• place the burden of responsibility for an animal’s actions on the owner, not the dog
  • Creation of tougher animal protection laws to address the animal neglect that may contribute to canine aggression.
  • Commitment to education on responsible pet ownership, canine behavior and dog bite prevention.
  • Development of well-established guidelines for professional temperament assessment of a dog as dangerous or vicious.
  • Registration of aggressive dogs through reporting by veterinarians, groomers, police, postal carriers, animal control officers, meter readers, and humane organizations.
  • A protocol to deal with dogs that have been professionally assessed as dangerous or vicious including mandatory remediation by certified specialists for dogs reported as dangerous.
  • Creation of resources for owners of dogs with aggression problems, including the identification and certification of specialists who can provide remedial measures for canine aggression.
  • Creation of a centralized, accessible database that accurately records dog bite incidents.

  1. Breed Specific Legislation FAQ. National Canine Research Council. Retrieved from:
  2. AVMA Animal Welfare Division. (2012). The Welfare Implications of The Role of Breed in Dog Bite Risk and Prevention. Retrieved from:
  3. Patronek, Sacks, Delise, Cleary, & Marder. (2013). Co-occurrence of potentially preventable factors in 256 dog bite-related fatalities in the United States (2000-2009). Journal of the American Veterinary Medical Association, 243(12), 1726-1736.
  4. Breed Specific Legislation (BSL). Toronto Humane Society. Retrieved from:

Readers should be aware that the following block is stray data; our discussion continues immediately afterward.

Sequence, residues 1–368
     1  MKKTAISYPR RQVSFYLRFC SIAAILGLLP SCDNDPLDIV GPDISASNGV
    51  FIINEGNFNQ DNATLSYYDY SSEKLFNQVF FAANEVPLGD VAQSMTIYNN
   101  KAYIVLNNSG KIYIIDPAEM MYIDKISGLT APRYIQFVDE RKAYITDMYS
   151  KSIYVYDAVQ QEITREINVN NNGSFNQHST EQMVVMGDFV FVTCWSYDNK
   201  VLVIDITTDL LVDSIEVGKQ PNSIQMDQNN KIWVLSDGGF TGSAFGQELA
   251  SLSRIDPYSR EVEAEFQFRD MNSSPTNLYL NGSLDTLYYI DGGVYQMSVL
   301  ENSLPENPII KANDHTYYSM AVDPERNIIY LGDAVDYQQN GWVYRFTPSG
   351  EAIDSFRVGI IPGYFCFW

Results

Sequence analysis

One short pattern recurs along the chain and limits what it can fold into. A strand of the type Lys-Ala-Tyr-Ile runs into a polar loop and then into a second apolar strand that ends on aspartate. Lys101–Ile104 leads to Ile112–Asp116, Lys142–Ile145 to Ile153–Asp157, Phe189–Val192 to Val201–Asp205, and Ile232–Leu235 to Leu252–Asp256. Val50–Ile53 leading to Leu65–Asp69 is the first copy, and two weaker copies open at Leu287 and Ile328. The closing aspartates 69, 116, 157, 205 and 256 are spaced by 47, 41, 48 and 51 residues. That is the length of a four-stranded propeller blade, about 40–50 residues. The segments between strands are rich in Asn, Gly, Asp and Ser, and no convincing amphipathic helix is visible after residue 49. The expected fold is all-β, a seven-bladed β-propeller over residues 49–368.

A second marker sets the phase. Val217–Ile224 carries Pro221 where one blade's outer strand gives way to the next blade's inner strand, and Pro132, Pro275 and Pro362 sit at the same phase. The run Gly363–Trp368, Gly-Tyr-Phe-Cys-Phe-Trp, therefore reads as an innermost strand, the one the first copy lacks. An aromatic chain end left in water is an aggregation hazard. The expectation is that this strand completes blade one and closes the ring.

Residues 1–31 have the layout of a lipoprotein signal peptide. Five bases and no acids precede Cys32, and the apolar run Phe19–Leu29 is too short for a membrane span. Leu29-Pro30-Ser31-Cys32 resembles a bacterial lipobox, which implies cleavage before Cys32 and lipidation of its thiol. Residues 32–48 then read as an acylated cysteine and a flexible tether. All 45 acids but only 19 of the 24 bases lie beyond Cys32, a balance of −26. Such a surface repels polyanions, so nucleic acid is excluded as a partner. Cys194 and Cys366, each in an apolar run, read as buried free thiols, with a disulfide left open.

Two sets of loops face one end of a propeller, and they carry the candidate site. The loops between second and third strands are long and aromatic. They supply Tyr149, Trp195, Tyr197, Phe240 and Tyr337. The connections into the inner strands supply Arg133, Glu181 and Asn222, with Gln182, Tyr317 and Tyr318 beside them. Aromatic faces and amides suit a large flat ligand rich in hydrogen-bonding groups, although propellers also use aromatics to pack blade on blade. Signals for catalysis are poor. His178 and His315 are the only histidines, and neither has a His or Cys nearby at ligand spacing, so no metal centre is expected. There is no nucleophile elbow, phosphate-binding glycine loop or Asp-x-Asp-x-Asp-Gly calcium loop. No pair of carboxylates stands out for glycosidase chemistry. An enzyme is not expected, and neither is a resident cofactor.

5. Peat, D. (2010, April 28). Pit bull ban fails to reduce dog bites. The Toronto Sun. Retrieved from:
  6. National Canine Research Council. (2012). Winnipeg, Manitoba Far Behind Calgary in Community Safety. Retrieved from:
  7. Dangerous Dogs & Public Safety. BCSPCA. Retrieved from:
  8. Dog Breed Restrictions. Edmonton Humane Society. Retrieved from:
  9. National Canine Research Council. (2014). Breed-Specific Legislation is on the Decline. Retrieved from:
  10. The White House. (2013). Breed-Specific Legislation Is a Bad Idea. Retrieved from:
  11. Voith, Trevejo, Dowling-Guyer , et al. (2013).Comparison of visual and DNA breed identification of dogs and inter-observer reliability. American Journal of Sociological Research, 3(2):17-29.
  12. Rosado, García-Belenguer, León, & Palacio. (2007). Spanish dangerous animals act: Effect on the epidemiology of dog bites. Journal of Veterinary Behavior, 2(5): 166-174.
  13. Cornelissen & Hopster. (2010). Dog bites in the Netherlands: a study of victims, injuries, circumstances and aggressors to support evaluation of breed specific legislation. Veterinary Journal, 186(3): 292-298.
  14. Patronek, Slater & Marder. (2010). Use of a number-needed-to-ban calculation to illustrate limitations of breed-specific legislation in decreasing the risk of dog bite-related injury. Journal of the American Veterinary Medical Association, 237(7):  788-792.